Gone West hits the century mark: his legacy here in South Africa

Gone West hits the century mark: his legacy here in South Africa 31 January, 2012
– Lisa Barrett

Gone West

Another equine milestone was achieved recently, when the late sire Gone West achieved his 100th stakes winner in the desert kingdom of Dubai where Treble Jig won the Listed Jebel Ali Stakes.

Gone West was one of super sire Mr.Prospector’s best sons at stud, and his untimely death in 2009 robbed the world of a true equine superstar. Out of Secrettame, a stakes-winning daughter of the legendary and iconic Secretariat, Gone West went on to sire an incredible 100 Stakes winners, including Breeders Cup hero, Da Hoss, who won the event twice in 1996 & 1998. His American sons gave Gone West some of his best successes at Group One level. The first being, Elusive Quality, himself a winner of two Group 2 and two Group 3 races, and whose son Smarty Jones (now a top earner with lifetime earnings of over $7 million) came heartbreakingly close to capturing America’s Triple Crown in 2004 with wins in both the Kentucky Derby & Preakness. However he was denied a much deserved crown, in the eyes of many, by another future star Birdstone, (sire of 2009 Kentucky Derby winner Mine That Bird).

Crossing the continent has also proved that the grass is definitely greener on the other side for Gone West’s sons as well. Another one of Elusive Quality’s sons Raven’s Pass is living testimony to that. After an impressive win in the Group 3 Solario Stakes, he came close in both the Group 1 2000 Guineas at Newmarket and the St James Palace Stakes (Gr.1) at Royal Ascot. However, it was felt that he needed to improve before attempting Group One company again, and it seems the drop in level spurred him on as he went on to beat his longtime rival Henrythenavigator in the Queen Elizabeth Stakes (Gr.1) in 2008. Raven’s Pass got the ultimate revenge in September of 2008, when he beat his arch rival the mighty Curlin at Santa Anita where became the first English trained winner of the American Breeder’s Cup Classic. It is here in South Africa however, that Gone West will be remembered as the sire of champion sire himself, Western Winter. There has been much written about the legendary Western Winter, one thing is undeniable – his profound influence on shaping the South African breeding and racing landscape through his progeny.

KZN is blessed with two grandsons of Gone West. The first being Lion Tamer, winner of the Southern Cross (Gr.2) and earner of more than R1 million in stakes money thanks to his impressive Group performances. Owned by Klawervlei, he is standing at Avalon Stud where he is in his 4th season at stud.

Visionaire at the Investec Summerhill Stallion Day. Image: Candiese Marnewick

The other is Visionaire, who stands at Mick Goss’ Summerhill Stud, and is owned by leading international racing syndicate Team Valor. Visionaire is out of Grand Slam, a son of Gone West. His racing success came in the form of a Group 3 win in the Gotham Stakes at the Aquaeduct racetrack in New York. What made his win all the more impressive was that it was achieved in horrendously foggy conditions (so bad the jockeys could hardly see each other) and against a highly competitive field among whom were Derby hopeful, Texas Wildcatter and 7-1 favorite, Giant Moon (son of Giant’s Causeway), who had come off a string of four consecutive wins in a row.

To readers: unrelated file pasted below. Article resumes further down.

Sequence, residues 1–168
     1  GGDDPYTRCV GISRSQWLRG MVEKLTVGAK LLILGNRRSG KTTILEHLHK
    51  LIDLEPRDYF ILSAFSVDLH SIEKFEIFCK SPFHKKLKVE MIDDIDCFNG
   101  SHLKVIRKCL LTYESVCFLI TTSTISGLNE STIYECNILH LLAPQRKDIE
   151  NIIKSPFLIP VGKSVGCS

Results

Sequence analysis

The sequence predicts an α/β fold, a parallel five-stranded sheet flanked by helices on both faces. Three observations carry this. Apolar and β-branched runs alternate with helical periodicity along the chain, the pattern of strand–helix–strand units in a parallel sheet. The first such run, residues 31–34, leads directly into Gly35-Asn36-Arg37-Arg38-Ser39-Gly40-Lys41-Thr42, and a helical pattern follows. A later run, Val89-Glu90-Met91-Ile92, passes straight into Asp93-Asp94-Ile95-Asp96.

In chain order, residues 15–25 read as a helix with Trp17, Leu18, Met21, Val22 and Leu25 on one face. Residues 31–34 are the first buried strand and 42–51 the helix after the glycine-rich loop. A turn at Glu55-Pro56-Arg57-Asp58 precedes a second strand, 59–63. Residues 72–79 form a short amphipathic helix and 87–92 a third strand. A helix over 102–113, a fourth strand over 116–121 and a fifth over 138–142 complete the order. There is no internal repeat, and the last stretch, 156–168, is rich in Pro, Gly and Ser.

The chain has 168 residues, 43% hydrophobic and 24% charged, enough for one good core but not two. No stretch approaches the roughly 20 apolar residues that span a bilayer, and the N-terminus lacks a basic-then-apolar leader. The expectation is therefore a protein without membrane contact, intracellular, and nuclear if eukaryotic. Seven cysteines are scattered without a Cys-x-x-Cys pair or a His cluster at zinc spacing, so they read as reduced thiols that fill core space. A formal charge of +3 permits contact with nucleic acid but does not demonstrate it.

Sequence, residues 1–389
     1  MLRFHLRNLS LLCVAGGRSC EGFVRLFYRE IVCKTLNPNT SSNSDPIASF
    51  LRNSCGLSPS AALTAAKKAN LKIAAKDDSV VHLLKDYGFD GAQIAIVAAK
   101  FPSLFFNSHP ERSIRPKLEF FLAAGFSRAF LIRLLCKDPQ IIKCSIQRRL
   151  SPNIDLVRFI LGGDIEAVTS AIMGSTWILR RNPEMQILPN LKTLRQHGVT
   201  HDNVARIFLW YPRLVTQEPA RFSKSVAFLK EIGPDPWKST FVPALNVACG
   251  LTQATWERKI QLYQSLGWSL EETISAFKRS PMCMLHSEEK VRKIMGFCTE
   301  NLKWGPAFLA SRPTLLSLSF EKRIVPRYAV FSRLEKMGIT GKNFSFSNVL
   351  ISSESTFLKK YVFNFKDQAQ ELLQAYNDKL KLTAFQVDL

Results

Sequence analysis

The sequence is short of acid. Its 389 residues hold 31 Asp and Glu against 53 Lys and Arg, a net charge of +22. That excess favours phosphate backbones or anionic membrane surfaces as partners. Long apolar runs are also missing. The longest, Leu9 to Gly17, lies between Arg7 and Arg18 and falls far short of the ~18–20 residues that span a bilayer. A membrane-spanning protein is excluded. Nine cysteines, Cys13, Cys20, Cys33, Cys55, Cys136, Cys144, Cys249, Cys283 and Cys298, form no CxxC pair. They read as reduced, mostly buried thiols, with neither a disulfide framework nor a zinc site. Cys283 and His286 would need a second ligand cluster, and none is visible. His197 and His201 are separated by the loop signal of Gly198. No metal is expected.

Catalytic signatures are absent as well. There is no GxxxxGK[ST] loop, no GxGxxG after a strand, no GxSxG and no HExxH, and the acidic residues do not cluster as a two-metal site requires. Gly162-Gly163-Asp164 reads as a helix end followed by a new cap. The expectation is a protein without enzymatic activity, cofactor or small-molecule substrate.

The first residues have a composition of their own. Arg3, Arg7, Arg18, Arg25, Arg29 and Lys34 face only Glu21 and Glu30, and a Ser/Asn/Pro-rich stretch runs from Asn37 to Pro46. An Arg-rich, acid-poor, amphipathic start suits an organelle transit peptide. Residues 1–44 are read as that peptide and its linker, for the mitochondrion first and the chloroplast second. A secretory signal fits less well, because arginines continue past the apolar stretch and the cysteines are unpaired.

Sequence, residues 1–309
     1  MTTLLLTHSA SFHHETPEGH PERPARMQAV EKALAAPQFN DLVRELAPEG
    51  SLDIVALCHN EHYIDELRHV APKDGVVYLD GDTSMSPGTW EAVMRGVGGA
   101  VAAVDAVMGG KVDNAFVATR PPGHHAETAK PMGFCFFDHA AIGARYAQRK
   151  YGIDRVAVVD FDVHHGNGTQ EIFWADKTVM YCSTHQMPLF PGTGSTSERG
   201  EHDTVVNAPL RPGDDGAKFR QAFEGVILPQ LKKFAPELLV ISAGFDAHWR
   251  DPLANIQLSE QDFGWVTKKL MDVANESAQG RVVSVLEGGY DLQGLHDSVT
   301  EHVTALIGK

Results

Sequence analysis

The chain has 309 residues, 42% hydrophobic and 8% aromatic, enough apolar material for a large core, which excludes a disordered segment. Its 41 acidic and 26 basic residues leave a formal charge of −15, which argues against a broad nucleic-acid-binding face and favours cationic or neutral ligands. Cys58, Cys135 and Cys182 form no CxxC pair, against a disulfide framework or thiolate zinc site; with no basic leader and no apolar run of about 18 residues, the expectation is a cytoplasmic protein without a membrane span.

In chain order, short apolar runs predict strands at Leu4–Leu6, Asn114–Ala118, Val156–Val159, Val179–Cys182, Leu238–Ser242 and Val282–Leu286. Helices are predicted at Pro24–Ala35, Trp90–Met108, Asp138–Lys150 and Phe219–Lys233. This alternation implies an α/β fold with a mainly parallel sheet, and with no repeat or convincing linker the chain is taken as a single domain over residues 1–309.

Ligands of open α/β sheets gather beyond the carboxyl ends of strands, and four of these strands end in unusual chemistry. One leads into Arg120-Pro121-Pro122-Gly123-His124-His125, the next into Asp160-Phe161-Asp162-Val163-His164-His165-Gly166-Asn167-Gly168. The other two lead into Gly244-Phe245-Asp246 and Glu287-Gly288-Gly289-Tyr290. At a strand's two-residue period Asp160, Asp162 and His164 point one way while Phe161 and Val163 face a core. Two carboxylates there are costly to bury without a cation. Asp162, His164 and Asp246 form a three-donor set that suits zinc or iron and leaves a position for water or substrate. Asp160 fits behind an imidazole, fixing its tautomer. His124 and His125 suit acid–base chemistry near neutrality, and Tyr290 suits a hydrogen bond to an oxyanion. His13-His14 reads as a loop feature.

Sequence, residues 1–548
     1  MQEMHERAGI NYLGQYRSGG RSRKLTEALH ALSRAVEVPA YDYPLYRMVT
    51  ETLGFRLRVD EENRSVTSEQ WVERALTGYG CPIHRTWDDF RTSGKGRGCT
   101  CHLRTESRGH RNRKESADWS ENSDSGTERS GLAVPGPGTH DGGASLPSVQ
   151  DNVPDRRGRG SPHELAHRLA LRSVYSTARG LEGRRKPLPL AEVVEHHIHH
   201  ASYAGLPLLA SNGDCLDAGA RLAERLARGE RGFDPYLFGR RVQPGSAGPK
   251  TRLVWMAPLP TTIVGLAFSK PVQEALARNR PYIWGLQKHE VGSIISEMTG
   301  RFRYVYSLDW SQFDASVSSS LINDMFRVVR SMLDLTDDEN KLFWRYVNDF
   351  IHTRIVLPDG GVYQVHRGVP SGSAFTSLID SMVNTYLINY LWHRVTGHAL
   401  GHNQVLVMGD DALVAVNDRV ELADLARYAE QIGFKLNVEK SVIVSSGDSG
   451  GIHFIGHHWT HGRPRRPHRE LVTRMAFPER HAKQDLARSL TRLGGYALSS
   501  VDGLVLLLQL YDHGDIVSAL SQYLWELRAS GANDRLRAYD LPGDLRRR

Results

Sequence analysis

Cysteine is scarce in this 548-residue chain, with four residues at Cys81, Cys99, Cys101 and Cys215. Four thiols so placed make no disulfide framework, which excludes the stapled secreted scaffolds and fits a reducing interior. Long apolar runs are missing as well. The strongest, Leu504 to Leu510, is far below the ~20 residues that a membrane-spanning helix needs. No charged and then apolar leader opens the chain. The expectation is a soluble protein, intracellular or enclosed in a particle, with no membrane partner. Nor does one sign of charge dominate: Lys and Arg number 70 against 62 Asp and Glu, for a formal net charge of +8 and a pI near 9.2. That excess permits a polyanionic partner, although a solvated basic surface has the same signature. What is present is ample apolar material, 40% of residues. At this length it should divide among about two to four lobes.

However it was his victory in America’s premier “stallion-making” race, the Kings Bishop (Gr.1) over 1400m in an impressively fast 1:21.94 sec that saw his profile soar. Sadly, he suffered a knee chip injury after the race, and despite surgery, he didn’t bounce back to his previous form. On the back of this, it was decided to retire him to stud in America, where he stood at Crestwood Farm near Lexington, Kentucky for a season.

The iconic Team Valor’s Barry Irwin took the bold decision to send Visionaire to stud here in South Africa. For Irwin it was simple, by sending Visionaire to stud, at Summerhill Stud, in KZN, he demonstrated not only his own faith in the breeding operation of Mick Goss’ Summerhill Stud, but in the South African racing scene in general through his continued involvement. Visionaire’s first foals will be on the ground this year, and on the back of his foals in America, there is considerable interest from breeders as to their looks and conformation. If they are anything like their father in terms of looks and personality, they will be amazing!

One of Visionaire’s favourite things to do is to ambush unsuspecting visitors to his paddock at Summerhill Stud by his sticking his tongue out for a tongue massage. If one doesn’t mind being slobbered upon excessively, this, for Visionaire at least, is the height of bliss!

Even though Gone West has been deceased for almost three years, it is clear that in South Africa in particular, Gone West’s legacy is alive and well.

Lisa Barrett
– Guest Writer

“Lisa Barrett”, her psuedonym, currently works at a stud farm in the KZN Midlands – a position she has held for the past eight years. She describes herself as “absolutely and totally besotted by horses” and she is in a fortunate position to work with a stallion she idolises every day. She describes herself as “continually fascinated by every aspect of the racehorse business, especially pedigrees!”

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